Update, received yet another call today, Tuesday October 25!
The call starts something like this:
Hello. We are <insert some phony name here> Windows Support and are calling you to let you know we have detected your computer sending viruses over the internet. We will fix this problem for you.
The caller uses words that implies they are Microsoft, the developers of Windows, or are calling on behalf of them. Perhaps you may detect that the caller is from India simply from the accent of the person on the phone; the caller ID on your telephone will show some nonsense number as these are easily spoofed.
Don't talk to this person. Accent or not, the person on the other end of the line is a criminal bent on defrauding you. Hang up and feel good about it.
How can we be so sure? It's simple. Microsoft never calls users. If you want support from Microsoft, you have to call them.
Earlier this year Microsoft issued a press release that warned computer users world wide about this scam:
Microsoft Corp. today released findings of a survey* into an emerging form of Internet scam that targets English-language markets and costs victims on average US$875.
The scam works by criminals posing as computer security engineers and calling people at home to tell them they are at risk of a computer security threat. The scammers tell their victims they are providing free security checks and add authenticity by claiming to represent legitimate companies and using telephone directories to refer to their victims by name.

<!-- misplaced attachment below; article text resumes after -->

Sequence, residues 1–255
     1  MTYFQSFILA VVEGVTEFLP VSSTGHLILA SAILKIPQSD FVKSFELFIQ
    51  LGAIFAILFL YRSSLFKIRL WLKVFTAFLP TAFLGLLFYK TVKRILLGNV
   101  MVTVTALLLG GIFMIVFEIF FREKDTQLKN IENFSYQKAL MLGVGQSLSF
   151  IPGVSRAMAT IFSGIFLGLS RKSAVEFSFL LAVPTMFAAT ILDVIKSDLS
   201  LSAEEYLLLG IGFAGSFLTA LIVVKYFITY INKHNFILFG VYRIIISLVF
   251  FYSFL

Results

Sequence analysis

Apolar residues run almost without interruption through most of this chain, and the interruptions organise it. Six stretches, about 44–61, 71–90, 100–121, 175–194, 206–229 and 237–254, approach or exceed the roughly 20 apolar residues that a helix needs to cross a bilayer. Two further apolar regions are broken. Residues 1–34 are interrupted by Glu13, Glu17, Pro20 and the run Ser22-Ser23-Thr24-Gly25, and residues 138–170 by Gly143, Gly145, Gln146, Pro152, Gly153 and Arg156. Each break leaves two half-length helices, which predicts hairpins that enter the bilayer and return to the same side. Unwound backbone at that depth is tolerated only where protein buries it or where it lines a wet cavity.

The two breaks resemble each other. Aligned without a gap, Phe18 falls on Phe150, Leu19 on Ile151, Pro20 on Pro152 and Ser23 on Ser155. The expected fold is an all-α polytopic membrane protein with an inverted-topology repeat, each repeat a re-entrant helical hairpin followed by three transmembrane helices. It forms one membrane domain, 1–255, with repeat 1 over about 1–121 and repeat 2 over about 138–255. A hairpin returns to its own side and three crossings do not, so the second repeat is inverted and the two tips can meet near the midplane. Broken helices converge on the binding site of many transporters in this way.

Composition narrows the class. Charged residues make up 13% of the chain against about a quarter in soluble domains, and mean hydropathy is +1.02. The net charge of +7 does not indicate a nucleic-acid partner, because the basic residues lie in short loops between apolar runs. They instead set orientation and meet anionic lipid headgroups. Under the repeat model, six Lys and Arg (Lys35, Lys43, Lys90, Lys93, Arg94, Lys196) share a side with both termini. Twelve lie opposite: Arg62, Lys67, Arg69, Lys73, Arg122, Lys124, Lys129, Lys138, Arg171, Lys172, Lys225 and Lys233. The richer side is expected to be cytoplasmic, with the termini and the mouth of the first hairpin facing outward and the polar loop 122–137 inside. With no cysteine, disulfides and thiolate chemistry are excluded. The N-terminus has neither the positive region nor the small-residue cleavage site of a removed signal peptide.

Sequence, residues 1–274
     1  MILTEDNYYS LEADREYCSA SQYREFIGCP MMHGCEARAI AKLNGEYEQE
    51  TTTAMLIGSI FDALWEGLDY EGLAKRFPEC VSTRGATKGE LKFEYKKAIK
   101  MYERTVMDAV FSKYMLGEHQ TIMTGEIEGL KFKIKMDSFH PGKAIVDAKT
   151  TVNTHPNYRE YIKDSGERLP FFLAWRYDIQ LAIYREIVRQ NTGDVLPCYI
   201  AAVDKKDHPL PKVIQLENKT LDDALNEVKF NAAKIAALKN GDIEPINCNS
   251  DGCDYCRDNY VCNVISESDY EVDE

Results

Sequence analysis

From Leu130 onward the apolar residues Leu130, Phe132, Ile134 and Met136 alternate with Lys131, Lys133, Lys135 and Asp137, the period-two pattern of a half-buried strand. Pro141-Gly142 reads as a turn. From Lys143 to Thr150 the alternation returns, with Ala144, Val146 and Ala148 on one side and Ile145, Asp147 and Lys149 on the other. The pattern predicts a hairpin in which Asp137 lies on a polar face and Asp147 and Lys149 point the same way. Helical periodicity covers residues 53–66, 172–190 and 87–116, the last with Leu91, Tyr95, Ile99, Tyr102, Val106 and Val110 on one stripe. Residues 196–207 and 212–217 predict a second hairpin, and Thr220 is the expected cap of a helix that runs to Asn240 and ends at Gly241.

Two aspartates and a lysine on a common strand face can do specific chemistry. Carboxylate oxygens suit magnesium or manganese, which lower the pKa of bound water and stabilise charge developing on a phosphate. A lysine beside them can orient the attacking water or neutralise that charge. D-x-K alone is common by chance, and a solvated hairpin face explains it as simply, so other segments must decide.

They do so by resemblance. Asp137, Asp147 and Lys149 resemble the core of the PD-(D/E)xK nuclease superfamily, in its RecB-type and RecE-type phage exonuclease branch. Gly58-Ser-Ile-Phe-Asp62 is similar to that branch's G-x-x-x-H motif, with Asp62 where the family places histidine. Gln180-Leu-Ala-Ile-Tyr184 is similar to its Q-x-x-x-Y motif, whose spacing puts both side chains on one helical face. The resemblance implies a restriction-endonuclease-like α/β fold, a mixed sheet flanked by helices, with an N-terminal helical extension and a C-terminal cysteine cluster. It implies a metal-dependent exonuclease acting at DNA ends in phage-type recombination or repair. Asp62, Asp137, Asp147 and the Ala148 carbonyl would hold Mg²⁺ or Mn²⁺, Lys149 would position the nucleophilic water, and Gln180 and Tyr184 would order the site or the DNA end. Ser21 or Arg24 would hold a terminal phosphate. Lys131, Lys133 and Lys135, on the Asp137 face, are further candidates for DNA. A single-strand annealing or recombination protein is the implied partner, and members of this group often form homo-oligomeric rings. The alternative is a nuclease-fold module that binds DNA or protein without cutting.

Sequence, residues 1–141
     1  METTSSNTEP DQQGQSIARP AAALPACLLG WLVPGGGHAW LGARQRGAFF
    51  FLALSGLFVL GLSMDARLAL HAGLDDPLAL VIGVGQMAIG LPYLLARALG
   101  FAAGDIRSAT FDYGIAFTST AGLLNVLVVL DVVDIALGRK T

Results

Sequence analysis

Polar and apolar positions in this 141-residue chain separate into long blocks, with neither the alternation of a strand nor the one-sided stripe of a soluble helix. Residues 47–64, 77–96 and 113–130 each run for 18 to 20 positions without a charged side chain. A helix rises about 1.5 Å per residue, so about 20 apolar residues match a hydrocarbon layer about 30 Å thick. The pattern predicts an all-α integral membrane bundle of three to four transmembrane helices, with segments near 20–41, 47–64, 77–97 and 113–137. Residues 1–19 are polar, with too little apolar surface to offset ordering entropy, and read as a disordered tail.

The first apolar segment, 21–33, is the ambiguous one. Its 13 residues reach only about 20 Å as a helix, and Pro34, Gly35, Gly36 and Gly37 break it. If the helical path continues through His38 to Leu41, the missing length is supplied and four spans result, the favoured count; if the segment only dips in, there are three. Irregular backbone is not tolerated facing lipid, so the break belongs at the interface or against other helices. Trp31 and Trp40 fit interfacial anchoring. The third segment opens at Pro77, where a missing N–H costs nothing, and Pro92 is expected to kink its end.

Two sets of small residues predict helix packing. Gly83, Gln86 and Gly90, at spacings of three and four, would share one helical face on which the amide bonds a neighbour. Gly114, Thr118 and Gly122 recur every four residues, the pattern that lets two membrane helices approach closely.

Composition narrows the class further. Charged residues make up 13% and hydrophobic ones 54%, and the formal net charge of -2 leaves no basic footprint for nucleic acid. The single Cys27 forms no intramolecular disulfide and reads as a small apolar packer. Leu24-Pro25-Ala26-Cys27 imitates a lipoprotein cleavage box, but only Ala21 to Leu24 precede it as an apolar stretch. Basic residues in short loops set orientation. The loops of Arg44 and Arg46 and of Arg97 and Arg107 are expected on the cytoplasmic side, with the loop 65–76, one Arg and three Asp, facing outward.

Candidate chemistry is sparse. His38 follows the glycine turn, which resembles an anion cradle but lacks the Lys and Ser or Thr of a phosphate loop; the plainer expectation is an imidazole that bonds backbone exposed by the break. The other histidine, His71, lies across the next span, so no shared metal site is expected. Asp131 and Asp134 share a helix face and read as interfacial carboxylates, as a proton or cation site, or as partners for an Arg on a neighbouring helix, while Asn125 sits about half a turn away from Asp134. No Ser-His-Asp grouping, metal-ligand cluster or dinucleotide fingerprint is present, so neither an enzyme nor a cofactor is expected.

Once they have tricked their victims into believing they have a problem and that the caller can help, the scammers are believed to run through a range of deception techniques designed to steal money.
Please read Microsoft's press release in full as the details provide a sobering warning you won't soon forget.
If our own experience here at Chez Watkins is a guide, the scammers seem to be escalating their activities in Canada, one of the world's most internet-connected countries. We received the first such call about six months ago. I'm a computer professional with thirty years of experience so I recognized the scam instantly and kept them on the phone for an hour to learn more about their deception. We received a second such call at 2:00am (!) about three months ago. This past week alone we received three more of these ominous calls, and twice they asked for me by name. While criminals can read phone books, apparently they don't keep track of who they've called.
Don't be fooled. Hang up on these criminals. Don't give them any opportunity to try to convince you of anything.
Please be proactive and warn your family and friends of this scam, taking special care to alert those you know who aren't especially comfortable with their computers or those who might be more likely to respond to an ominous phone call from a criminal posing as someone who is there to help.